The bioreactor room Credit: Fraunhofer IME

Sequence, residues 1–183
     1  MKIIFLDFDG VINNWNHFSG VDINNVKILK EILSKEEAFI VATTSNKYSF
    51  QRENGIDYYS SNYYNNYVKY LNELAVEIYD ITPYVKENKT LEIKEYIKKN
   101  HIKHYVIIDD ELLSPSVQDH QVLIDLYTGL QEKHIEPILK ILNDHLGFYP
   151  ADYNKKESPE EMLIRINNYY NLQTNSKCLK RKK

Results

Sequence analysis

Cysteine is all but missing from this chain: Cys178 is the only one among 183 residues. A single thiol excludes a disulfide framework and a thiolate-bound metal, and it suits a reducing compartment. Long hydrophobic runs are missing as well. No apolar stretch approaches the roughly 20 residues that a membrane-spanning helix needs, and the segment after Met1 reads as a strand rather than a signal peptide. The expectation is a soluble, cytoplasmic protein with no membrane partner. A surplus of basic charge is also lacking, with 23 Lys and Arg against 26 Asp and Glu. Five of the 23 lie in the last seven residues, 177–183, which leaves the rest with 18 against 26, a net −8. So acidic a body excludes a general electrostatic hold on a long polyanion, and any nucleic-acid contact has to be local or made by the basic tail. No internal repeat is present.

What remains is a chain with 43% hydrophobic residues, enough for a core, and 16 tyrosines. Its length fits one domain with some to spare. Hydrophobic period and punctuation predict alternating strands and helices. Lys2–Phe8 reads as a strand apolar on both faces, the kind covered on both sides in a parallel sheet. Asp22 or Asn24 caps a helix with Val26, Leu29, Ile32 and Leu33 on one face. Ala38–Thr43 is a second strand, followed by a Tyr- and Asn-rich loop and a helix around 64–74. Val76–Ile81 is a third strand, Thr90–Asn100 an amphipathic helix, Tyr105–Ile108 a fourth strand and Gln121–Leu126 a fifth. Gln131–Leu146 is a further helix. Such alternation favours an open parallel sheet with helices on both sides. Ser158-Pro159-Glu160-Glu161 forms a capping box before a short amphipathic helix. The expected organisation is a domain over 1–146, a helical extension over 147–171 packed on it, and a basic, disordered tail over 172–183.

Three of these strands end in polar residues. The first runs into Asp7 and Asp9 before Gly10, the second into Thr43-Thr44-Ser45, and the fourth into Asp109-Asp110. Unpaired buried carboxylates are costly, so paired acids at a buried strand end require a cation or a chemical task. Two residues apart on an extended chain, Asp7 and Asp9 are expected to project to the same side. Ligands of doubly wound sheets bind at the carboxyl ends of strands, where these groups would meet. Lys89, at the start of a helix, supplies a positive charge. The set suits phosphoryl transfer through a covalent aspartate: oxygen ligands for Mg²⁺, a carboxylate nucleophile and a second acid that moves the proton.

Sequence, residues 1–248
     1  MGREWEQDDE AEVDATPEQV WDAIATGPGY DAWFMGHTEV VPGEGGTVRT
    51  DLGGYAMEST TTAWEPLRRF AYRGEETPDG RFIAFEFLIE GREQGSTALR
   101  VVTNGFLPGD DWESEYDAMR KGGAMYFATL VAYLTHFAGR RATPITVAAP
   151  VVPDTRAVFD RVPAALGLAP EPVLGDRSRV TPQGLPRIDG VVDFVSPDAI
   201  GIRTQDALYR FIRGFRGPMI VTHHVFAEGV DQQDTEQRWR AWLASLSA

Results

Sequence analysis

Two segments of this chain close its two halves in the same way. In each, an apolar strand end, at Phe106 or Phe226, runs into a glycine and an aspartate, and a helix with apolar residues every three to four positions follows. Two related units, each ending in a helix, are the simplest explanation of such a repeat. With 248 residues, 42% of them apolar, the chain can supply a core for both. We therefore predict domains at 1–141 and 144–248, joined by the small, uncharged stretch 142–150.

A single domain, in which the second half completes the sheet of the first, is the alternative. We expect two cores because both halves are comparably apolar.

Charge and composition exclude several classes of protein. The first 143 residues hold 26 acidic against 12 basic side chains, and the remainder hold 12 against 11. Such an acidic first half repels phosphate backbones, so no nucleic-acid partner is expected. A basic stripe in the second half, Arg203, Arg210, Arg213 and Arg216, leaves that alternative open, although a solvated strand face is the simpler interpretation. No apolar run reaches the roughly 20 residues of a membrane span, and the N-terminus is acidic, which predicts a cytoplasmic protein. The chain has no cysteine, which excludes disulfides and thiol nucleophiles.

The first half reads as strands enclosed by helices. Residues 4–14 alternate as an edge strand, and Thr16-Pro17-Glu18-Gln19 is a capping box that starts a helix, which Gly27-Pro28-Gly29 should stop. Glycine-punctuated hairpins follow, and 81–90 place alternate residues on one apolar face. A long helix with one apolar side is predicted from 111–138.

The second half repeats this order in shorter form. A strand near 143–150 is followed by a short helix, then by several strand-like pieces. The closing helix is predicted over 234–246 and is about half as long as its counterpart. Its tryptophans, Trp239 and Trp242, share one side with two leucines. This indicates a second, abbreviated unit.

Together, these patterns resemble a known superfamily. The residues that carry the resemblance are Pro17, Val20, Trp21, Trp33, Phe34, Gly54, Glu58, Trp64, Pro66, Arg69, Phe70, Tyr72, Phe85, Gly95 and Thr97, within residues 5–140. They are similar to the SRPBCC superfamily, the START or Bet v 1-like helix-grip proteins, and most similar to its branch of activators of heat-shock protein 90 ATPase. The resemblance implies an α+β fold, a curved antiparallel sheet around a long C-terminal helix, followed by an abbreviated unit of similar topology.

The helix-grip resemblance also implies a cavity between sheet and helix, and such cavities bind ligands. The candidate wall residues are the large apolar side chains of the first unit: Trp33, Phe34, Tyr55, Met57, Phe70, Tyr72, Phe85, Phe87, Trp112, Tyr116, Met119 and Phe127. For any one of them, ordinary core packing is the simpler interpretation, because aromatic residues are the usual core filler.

Europe's first clinical trial to test a human monoclonal antibody (mAb) made in genetically modified tobacco plants has been given the go-ahead by UK regulators. The Medicines and Healthcare Products Regulatory Agency approved in late June Pharma-Planta's phase-1 clinical trial to test an anti-HIV type 1 protein applied as a vaginal microbicide to stop transmission of the virus between sexual partners. Pharma-Planta, a consortium of 39 academic principal investigators and industrial partners in Europe and Africa funded by the European Commission, launched the project in 2004 as part of the Sixth Framework Program. The partners' goal was to road test the regulatory pathway in Europe by taking a candidate plant-made biotherapeutic and moving it beyond proof-of-concept studies to clinical evaluation. The mAb, designated 2G12, neutralizes HIV by binding to its gp120 surface glycoprotein. If safe, the product will be tested for effectiveness in protecting users against HIV infection. While the clinical trial is conducted at the University of Surrey in the UK, 2G12 is being produced in specialized greenhouses at the Fraunhofer Institute for Molecular Biology and Applied Ecology in Aachen, Germany. The approval is a major milestone. “This is indeed a big step forward in Europe, where development was hampered because of concerns over foods and GMOs [genetically modified organisms],” says Charles Arntzen, a co-director at the Biodesign Institute of Arizona State University in Tempe and a leader in the development of plant-produced vaccines. Perhaps more importantly, Pharma-Planta's step forward could boost the entire field of plant-produced vaccines where a “lot of positive results and exciting things” are ongoing, according to Arntzen. For instance, three major US plant-based, protein production facilities are up and running, providing “abundant capacity,” and presenting a challenge “to fill the pipeline with products to use that capacity.” Prospects now are bright for meeting part of that challenge, with several vaccines—some for sexually transmitted diseases and others for virus-induced diarrheal diseases—moving forward. Additionally, the carrot cell–produced enzyme taliglucerase alfa for treating Gaucher disease, developed by Protalix BioTherapeutics of Carmiel, Israel, has completed phase 3 clinical trials and may soon be licensed as a “biobetter,” Arntzen says. Plants are attractive bioreactors because they are inexpensive and provide a versatile expression system for recombinant protein.